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    • "In 2009–10, Government practice nurse incentives totalled AU$55.3 million [12]. To date, studies of the Australian practice nurse workforce have been mainly descriptive, with little focus on models of practice or determining impact on health outcomes [13]. "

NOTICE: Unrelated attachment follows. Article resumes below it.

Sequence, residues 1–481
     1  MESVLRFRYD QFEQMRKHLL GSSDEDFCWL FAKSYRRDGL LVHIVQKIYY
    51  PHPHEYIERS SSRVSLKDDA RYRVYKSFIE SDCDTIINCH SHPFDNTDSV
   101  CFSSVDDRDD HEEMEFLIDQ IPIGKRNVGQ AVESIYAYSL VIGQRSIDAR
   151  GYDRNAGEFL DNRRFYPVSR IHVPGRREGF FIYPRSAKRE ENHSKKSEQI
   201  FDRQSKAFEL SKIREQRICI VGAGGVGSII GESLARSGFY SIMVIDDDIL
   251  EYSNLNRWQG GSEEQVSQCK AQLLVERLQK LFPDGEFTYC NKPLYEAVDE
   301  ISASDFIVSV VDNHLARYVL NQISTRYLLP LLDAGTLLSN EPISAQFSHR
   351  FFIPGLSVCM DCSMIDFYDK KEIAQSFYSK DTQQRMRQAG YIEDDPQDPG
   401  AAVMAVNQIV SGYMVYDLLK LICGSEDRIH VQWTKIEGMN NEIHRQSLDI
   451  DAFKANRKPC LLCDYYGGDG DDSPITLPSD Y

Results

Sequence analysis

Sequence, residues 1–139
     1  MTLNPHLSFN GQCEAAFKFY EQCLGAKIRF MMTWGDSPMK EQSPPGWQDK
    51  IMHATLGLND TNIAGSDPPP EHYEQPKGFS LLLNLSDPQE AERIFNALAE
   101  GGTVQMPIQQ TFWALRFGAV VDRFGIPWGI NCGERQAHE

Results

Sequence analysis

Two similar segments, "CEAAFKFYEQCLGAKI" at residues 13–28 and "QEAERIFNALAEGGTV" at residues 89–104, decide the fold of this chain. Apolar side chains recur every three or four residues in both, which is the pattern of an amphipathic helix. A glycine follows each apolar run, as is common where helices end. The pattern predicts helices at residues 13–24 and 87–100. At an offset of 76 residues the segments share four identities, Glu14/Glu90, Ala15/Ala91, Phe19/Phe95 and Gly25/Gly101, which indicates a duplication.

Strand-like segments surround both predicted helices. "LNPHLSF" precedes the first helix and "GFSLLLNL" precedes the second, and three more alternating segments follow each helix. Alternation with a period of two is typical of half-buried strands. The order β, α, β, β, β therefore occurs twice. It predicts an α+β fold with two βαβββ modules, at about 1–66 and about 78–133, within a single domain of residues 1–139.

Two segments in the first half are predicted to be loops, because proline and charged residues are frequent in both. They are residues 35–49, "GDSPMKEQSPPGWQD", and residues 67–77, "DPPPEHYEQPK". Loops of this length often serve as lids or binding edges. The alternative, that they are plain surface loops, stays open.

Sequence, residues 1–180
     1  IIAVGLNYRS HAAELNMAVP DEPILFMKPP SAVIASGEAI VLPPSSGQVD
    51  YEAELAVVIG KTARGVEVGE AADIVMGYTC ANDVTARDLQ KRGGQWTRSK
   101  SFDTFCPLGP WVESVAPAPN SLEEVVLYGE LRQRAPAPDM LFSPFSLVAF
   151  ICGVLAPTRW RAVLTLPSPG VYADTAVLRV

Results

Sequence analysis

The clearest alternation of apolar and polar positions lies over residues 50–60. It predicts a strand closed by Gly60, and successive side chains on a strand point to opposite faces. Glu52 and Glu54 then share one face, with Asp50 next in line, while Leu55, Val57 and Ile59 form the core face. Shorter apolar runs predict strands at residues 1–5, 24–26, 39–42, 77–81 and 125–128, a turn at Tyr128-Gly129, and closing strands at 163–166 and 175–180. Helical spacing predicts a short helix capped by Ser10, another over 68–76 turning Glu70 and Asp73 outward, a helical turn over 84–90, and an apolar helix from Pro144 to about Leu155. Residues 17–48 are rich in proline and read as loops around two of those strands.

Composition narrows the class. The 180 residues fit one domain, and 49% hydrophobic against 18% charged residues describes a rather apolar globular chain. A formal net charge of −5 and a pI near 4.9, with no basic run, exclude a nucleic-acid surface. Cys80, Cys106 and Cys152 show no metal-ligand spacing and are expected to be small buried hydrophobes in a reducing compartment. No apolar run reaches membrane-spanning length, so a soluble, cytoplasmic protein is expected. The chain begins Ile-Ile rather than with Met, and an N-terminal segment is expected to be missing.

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    ABSTRACT: Most evidence on the effect of collaborative care for depression is derived in the selective environment of randomised controlled trials. In collaborative care, practice nurses may act as case managers. The Primary Care Services Improvement Project (PCSIP) aimed to assess the cost-effectiveness of alternative models of practice nurse involvement in a real world Australian setting. Previous analyses have demonstrated the value of high level practice nurse involvement in the management of diabetes and obesity. This paper reports on their value in the management of depression. General practices were assigned to a low or high model of care based on observed levels of practice nurse involvement in clinical-based activities for the management of depression (i.e. percentage of depression patients seen, percentage of consultation time spent on clinical-based activities). Linked, routinely collected data was used to determine patient level depression outcomes (proportion of depression-free days) and health service usage costs. Standardised depression assessment tools were not routinely used, therefore a classification framework to determine the patient's depressive state was developed using proxy measures (e.g. symptoms, medications, referrals, hospitalisations and suicide attempts). Regression analyses of costs and depression outcomes were conducted, using propensity weighting to control for potential confounders. Capacity to determine depressive state using the classification framework was dependent upon the level of detail provided in medical records. While antidepressant medication prescriptions were a strong indicator of depressive state, they could not be relied upon as the sole measure. Propensity score weighted analyses of total depression-related costs and depression outcomes, found that the high level model of care cost more (95% CI: -$314.76 to $584) and resulted in 5% less depression-free days (95% CI: -0.15 to 0.05), compared to the low level model. However, this result was highly uncertain, as shown by the confidence intervals. Classification of patients' depressive state was feasible, but time consuming, using the classification framework proposed. Further validation of the framework is required. Unlike the analyses of diabetes and obesity management, no significant differences in the proportion of depression-free days or health service costs were found between the alternative levels of practice nurse involvement.